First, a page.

Jersey — Attractions
Jersey attractions include fine beaches, pretty countryside, and an interesting old capital. Castles, forts, zoos, museums, gardens, and kid-friendly sites are located all over the island, while the main town, St Helier, has plenty of history and bustle that can be seen on foot. If you get tired, there are buses and taxis all over the island to rest your weary feet.
St Helier is the capital and largest settlement on Jersey. The harbor-side town sits at the end of St Aubin’s Bay in the south of the island and is a laid-back place of shops, cafés, pubs, and markets. It has several worthy attractions, such as the must-see Elizabeth Castle on a nearby island, and Fort Regent, along with many fine old buildings and museums. There are plenty of accommodation options from large hotels to cute B&Bs, as Jersey is the main hub for transportation and travel around the Channel Islands.
Address: St Helier, JE2, South Coast
St Brelade’s Bay
Although not the prettiest beach on Jersey, St Brelade’s Bay is its busiest stretch of sand that fills up when the sun shines. It lies just to the west of the larger St Aubin’s Bay and St Helier and, being south-facing, is protected from the harsh Atlantic weather. There are plenty of places to laze around and frolic and the water is shallow for swimming. Buses run regularly from St Helier and other main tourist hubs.
Address: St Brelade, Southwest Coast
Sir Walter Raleigh built this attractive castle in the latter part of the 16th century near a small chapel, the Hermitage, which dates to the 12th century. The site is on a small island across the harbor from St Helier—accessed only at low tide—and makes for a pleasant couple of hours to wander about the other island and grounds. Parts of the castle remain intact, though the Hermitage is the main draw. The Master Gunner recites history before setting off a cannon at noon. The ferry runs regularly from town.
Address: St Helier, St Helier parish, JE2 3NU
Jersey Zoo is one of the best zoos on the British Islands. Part of the Durrell Wildlife Conservation Trust, the endowment is well known for its dedication to the conservation of endangered species. Scores of exotic animals are raised in attractive surrounds on the sprawling 42-acre site in the northeast amid greenery, streams and waterfalls. The main attraction includes the gorillas, gibbons, bears, monkeys, orangutans, wallabies, flamingos, and fruit bats, some of which are allowed to wander around freely.
Address: Les Augrès Manor, La Profonde Rue, Trinity, JE3 5BP
Jersey War Tunnels
The underground rooms at this German wartime hospital remain preserved with period furnishings and fittings, and feature exhibits detailing the time of the Nazi occupation of the Channel Islands. The tunnels are just a few miles northwest of St Helier and were carved into the earth through forced labor. Visitors can wander the tunnels and take in photographs, relics and firearms.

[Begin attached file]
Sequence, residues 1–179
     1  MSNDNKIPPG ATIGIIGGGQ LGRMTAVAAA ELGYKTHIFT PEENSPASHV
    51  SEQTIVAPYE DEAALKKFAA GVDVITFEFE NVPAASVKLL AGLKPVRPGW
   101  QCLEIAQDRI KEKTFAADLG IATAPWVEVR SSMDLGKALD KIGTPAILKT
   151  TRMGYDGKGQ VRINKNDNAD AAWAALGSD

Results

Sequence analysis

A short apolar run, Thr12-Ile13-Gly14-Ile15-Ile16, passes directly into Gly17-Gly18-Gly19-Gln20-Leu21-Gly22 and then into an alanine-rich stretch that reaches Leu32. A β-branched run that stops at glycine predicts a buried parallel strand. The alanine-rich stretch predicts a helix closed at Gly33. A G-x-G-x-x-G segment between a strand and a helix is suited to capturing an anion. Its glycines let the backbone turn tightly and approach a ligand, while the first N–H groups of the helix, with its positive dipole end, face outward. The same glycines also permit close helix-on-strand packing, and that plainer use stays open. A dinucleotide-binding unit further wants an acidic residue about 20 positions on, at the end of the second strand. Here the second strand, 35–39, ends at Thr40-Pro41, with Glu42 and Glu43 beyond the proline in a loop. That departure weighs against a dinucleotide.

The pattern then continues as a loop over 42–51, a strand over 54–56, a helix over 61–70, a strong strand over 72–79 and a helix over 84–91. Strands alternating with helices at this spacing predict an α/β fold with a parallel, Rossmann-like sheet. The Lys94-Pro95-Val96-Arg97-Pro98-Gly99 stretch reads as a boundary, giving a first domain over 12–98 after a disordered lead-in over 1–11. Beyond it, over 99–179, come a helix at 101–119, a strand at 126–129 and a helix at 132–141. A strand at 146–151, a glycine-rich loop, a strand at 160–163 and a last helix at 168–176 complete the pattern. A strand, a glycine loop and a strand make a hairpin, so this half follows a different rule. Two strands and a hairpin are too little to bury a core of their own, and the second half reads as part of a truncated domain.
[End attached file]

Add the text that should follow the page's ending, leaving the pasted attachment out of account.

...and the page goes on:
Address: Les Charrieres Malorey, St Lawrence, JE3 1FU
Mont Orgueil Castle
Standing watch over the east coast is one of Jersey’s best preserved castles. The well kept leviathan was built to guard the island against French attacks in the 1200’s and sits menacingly atop Mont Orgueil. Visitors can climb its turrets, check out artwork, see a witchcraft exhibit in the cellar, and explore the grounds. On a clear day, the views stretch from the harbor below right across to France. Keep an eye out for the wheel of urine and wooden soldiers.
Address: Gorey, St Martin, JE3 6ET
Jersey’s Living Legend
A popular family and rainy day attraction is this hamlet-style village setup amid the striking Jersey countryside. Jersey’s Living Legend features 10 acres of stunning grounds and includes two adventure golf courses, go-karting, a craft village, and a fabulous restaurant. You can also learn about history of the island, as well as gorge on local delicacies and cakes at a number of bakeries. Jersey’s Living Legend also has an outdoor play area that is open March through October.
Address: La Rue du Petit Aleval, St Peter, JE3 7ET
La Hougue Bie Museum
La Hougue Bie is an ancient and significant burial mound off the northeast of St Helier. It hails from the Neolithic Age, dating back around 3,500 BC and comes with a reproduction house with a preserved passageway and chamber. There is a museum on site that features artifacts from around the area such as swords, axes and coins. The whole area is beautifully laid out and there are nice walking trails around the Grouville area.
Address: La Route de la Hougue Bie, Grouville, JE2 7UA